At the peak of their popularity, Martin & Lewis ruled nightclubs, radio and then the box office with their breezy yet physical comedy act, reigning as the top draw at theaters from 1950-56.
After an especially acrimonious break-up with his partner, Lewis remained as the No. 1 movie draw through the mid-1960s on the strength of such classics as The Bellboy (1960) and The Nutty Professor (1963). As Paramount’s biggest star, he had the creative freedom to make the moves he wanted to make.
Lewis also was known for his efforts as national chairman of the Muscular Dystrophy Assn. He devoted more than a half-century to fighting the neuromuscular disease, hosting an annual Labor Day telethon -- and raising nearly $2.5 billion -- from 1955 until he was ousted before the 2011 telecast. Lewis was nominated for a Nobel Peace Prize in 1977 for his efforts.
Extremely popular throughout Europe, especially in France, Lewis won “best director” awards eight times in Europe, including three in France and one each in Belgium, Italy, Germany, the Netherlands and Spain. New Wave critics and filmmakers Francois Truffaut and Jean-Luc Godard spurred his popularity in France, where he became known as “Le Roi du Crazy.”
In 1984, Lewis was presented with the French Legion of Honor and in 2009 was honored with the Jean Hersholt Humanitarian Award; he kept the trophy from the Academy of Motion Picture Arts and Sciences on a platform above a TV in his Las Vegas home, where it would rotate at the push of a button.
The son of a professional entertainers, Lewis was born Joseph Levitch on March 16, 1926, in Newark, N.J. His mother played the piano, and his father was a musical arranger. Lewis made his debut at age 5 at a hotel in the Borscht Belt, the legendary upstate New York show-business breeding ground, by singing “Brother, Can You Spare a Dime?” He dropped out of high school, working as a soda jerk and theater usher, all the while cultivating a comedy routine, in which he mimed phonograph records.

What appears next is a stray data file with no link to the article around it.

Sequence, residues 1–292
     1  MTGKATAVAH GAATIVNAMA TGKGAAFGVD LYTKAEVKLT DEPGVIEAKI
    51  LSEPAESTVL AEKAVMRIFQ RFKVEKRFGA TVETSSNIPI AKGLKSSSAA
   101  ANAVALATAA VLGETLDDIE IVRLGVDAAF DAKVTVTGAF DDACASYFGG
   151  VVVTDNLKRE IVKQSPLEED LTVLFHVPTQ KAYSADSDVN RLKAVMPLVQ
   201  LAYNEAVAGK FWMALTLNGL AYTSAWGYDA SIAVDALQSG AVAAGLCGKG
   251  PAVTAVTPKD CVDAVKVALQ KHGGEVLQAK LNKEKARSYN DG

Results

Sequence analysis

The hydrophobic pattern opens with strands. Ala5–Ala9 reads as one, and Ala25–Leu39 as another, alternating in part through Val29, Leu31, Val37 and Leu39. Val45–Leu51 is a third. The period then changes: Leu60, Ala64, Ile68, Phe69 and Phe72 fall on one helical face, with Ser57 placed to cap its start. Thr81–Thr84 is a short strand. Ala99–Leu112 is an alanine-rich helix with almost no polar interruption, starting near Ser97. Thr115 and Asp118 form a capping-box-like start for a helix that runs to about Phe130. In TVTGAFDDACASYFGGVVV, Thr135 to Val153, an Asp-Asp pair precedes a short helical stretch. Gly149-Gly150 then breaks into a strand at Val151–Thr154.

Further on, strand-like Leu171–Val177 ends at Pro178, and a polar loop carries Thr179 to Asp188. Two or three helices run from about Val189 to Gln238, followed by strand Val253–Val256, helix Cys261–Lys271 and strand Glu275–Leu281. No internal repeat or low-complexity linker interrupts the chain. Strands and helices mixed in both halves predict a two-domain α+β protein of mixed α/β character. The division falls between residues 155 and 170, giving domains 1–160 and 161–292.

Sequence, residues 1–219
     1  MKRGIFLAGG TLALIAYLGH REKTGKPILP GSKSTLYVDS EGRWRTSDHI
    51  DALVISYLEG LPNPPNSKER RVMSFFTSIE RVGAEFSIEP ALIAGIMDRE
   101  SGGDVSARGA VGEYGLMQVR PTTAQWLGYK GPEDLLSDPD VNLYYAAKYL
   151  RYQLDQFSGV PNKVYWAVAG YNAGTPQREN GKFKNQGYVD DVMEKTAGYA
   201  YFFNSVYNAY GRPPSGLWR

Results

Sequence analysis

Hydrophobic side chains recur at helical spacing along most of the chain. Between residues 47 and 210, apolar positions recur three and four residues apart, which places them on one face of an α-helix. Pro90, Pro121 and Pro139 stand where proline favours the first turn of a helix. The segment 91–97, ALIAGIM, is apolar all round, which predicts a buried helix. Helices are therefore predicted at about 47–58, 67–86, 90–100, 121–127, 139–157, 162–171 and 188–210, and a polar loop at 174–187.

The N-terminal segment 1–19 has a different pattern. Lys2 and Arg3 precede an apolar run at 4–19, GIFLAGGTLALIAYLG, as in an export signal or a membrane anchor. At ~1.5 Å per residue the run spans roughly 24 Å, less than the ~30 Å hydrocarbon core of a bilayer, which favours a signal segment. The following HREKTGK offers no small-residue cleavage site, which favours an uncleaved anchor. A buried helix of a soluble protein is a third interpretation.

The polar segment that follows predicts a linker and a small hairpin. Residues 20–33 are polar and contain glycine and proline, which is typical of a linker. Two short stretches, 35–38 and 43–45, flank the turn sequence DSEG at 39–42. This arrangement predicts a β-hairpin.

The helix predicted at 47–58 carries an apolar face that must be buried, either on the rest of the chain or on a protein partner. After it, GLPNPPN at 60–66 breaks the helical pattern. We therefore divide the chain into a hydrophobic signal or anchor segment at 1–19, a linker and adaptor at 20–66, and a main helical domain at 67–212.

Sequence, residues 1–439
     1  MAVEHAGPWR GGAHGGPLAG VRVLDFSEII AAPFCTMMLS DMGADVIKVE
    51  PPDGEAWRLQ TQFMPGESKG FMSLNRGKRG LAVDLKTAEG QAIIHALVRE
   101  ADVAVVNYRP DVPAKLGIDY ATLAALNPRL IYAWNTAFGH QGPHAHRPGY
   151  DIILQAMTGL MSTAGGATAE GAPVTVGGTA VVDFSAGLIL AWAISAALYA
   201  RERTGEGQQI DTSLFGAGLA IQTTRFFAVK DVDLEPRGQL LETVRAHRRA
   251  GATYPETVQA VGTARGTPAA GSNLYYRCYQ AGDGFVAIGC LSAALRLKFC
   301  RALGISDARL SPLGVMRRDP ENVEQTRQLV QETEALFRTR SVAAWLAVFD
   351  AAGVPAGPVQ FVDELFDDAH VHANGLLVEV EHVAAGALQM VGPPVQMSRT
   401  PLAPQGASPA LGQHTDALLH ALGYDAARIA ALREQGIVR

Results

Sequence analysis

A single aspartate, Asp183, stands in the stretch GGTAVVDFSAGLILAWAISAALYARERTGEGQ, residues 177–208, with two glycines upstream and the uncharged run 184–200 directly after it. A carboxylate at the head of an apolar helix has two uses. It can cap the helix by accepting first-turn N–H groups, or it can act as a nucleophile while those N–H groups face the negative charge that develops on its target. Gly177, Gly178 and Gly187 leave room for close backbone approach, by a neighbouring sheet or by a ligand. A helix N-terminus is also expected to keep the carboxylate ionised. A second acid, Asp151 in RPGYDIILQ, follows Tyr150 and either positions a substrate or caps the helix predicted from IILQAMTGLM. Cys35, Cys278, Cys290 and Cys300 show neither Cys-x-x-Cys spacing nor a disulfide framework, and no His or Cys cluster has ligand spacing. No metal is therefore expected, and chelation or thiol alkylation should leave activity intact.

It was not until he hooked up with young Italian-American crooner Martin that his career took off. In July 1946, while performing at the 500 Club in Atlantic City, one of the entertainers working with Lewis abruptly quit, and Lewis suggested Martin, who was nine years older, as a replacement. Their ad libs, including insults and off-the-wall jokes, were a sensation, and their salaries skyrocketed from $250 a week to $5,000. When they appeared on the balcony of the Paramount Theater in Times Square, Broadway became so crowded that traffic backed up to 59th Street.
Their shtick was categorized as “free-for-all humor.” Playing up their physical and personality contrasts -- Lewis’ monkeyshines and ineptitude against straight man Martin’s sedate, sexy charm -- they became overwhelmingly successful. Producer Hal Wallis caught their act and signed them to a deal at Paramount, and their first film, My Friend Irma (1949), in which they were cast in supporting roles, was a hit.
Typically, their movies followed the same formula: Lewis acted like an overgrown 8-year-old, while the suave Martin would break into song at the most unlikely provocation.
Martin & Lewis subsequently starred in such comedies as At War With the Army (1950), Sailor Beware (1952), The Caddy (1953), Living It Up (1954), You’re Never Too Young (1955) -- a remake of Billy Wilder’s The Major and the Minor -- and Artists and Models (1955). Hollywood or Bust (1956) was the last film of the 16 they headlined.
Martin got tired of Lewis getting most of the attention, and at New York’s Copacabana on July 25, 1956, the duo made their final nightclub appearance together -- 10 years to the day of their first engagement. The feud that developed did not publicly end until the MDA telethon of 1976, when Frank Sinatra surprised the host by bringing Martin onstage. Martin died in 1995.
“Other comedy teams never generated anything like the hysteria that Dean and I did, and that was because we had that X factor -- the powerful feeling between us,” said Lewis, who wrote about their relationship in the 2005 book Dean & Me (A Love Story). “And it really was an X factor, a kind of mystery.”
After the split, Lewis continued in films, basically playing the same type of manic, naive character. Pacting with Paramount in a then-whopping $10 million deal, he agreed to make 14 films during a seven-year period. At the time, it was the biggest personal deal for the services of one star in Hollywood history. Lewis and his production company were given virtual carte blanche by Paramount head Y. Frank Freeman.
Lewis found his first solo starring role in The Delicate Delinquent (1957) and quickly followed with a string of hits: The Sad Sack (1957), Rock-a-Bye Baby (1958), The Geisha Boy (1958) and Don’t Give Up the Ship (1959).